SEN. EDWARDS: What I'm doing is announcing I'm going to run for president of the United States, and I'll make a decision about the Senate seat somewhere down the road.
Q. Senator Edwards, you say you'd like to train the average American citizen on how to dal with a terrorist attack. Could you elaborate on that?
SEN. EDWARDS: Sure. What I've done is laid out a series of specific ideas for getting people in the communities more involved in responding to a terrorist attack. Having a warning system--just by way of example, if an attack comes in the middle of the night, most people won't have their television or their radios on, so we don't have any way to reach 'em. We ought to have, one example would be to have a special telephone warning that would come in on the telephone and a way to reach--a separate way to reach people who in fact don't have telephones, and have people in the community engage, have first responders working with people in the community.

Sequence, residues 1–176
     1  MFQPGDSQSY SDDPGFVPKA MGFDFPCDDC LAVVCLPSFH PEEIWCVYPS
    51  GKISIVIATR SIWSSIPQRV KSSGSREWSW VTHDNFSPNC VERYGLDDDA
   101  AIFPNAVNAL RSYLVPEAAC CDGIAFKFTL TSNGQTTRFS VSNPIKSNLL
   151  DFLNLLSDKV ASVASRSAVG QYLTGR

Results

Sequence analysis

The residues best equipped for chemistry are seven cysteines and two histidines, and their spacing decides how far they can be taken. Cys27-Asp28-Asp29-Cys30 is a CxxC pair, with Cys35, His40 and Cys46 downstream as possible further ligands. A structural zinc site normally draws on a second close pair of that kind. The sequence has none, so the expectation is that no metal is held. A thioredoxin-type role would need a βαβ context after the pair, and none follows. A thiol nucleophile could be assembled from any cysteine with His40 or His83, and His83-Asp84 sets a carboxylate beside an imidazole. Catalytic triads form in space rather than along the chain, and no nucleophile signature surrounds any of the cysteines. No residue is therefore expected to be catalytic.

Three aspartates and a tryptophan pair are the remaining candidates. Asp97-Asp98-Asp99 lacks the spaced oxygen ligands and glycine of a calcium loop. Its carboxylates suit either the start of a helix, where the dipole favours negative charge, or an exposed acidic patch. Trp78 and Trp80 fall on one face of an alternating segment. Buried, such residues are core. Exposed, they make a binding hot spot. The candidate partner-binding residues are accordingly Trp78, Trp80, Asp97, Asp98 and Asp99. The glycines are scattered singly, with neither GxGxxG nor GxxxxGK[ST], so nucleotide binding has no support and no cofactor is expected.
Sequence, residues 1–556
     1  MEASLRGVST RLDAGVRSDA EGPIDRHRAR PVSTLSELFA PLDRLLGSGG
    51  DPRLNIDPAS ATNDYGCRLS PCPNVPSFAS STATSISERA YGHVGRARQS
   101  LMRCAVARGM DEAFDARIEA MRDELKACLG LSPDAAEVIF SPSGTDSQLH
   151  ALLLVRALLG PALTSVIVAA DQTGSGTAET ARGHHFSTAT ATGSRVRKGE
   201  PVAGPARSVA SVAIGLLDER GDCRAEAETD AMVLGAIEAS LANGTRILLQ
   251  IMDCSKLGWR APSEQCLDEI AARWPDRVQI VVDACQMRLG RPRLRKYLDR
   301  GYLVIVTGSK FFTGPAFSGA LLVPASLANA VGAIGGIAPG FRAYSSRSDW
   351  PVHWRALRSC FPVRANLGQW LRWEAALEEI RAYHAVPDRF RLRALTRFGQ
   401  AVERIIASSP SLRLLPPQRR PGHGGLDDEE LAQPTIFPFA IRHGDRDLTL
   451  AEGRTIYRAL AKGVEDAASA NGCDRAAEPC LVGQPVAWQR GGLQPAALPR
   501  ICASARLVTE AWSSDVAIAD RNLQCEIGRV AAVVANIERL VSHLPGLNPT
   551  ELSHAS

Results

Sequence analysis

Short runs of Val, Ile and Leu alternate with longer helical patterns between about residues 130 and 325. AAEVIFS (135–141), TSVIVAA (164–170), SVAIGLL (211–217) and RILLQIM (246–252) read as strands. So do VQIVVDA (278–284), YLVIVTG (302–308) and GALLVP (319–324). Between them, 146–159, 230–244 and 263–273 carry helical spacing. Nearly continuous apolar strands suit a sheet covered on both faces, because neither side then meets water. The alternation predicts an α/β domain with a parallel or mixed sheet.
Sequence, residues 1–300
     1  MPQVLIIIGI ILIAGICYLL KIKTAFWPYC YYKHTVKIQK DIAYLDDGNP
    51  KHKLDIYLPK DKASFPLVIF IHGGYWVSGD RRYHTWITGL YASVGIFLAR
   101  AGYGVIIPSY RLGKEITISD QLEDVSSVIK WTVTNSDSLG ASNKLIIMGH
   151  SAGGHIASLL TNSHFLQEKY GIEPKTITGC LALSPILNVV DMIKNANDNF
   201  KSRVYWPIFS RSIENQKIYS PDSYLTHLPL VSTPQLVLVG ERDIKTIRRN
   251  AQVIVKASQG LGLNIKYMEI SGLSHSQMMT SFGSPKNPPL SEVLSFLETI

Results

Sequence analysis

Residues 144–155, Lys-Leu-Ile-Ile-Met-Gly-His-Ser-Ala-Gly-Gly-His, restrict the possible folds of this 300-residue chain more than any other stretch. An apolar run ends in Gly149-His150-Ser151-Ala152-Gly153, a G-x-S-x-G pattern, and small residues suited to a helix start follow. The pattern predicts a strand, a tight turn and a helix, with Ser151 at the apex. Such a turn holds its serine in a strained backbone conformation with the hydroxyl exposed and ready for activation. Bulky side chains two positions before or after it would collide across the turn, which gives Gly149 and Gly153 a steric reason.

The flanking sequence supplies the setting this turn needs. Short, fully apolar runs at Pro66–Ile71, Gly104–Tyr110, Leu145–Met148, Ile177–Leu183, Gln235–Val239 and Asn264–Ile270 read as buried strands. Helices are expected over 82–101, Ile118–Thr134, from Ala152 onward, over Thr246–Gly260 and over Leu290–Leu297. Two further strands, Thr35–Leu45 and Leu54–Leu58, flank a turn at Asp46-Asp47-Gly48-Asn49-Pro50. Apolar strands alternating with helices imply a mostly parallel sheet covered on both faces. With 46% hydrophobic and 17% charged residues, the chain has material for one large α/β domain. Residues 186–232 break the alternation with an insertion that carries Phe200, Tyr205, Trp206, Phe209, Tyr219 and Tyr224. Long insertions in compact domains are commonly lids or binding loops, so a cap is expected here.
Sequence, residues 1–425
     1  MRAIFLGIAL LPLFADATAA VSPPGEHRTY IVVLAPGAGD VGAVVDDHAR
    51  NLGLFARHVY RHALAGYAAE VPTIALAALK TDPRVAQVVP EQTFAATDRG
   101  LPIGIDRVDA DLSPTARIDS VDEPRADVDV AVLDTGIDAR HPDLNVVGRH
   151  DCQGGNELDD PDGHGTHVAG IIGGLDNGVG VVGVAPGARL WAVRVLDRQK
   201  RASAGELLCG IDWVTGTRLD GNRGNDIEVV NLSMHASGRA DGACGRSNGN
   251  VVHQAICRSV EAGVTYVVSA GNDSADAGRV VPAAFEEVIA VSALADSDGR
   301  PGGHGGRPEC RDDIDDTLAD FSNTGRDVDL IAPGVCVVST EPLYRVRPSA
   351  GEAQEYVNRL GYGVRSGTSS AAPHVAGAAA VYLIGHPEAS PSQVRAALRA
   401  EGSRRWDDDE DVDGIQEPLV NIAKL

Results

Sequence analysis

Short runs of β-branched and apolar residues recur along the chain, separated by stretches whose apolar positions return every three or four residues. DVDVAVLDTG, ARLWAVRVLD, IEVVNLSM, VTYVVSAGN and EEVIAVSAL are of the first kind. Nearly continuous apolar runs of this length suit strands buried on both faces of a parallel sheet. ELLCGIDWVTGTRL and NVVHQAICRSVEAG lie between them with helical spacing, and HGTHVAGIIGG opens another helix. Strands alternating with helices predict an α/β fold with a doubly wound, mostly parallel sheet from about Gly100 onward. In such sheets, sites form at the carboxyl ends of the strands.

See I think people in America want to contribute; they want to be involved;
they want to feel like they can do something to make their own familiy
safe; they just haven't been asked. We need to ask them. We
need to tap into this incredible feeling of patriotism that people have
and let 'em contribute to their communities, let 'me feel like they can
actually do something for their own community's safety and for their family's
Q. When did you make this decision? I know your family's been talking about it for quite some time. When did you decide it's a go?
SEN. EDWARDS: Over the last two weeks. Elizabeth and I and our
family have been talking about it for a period of months and over the course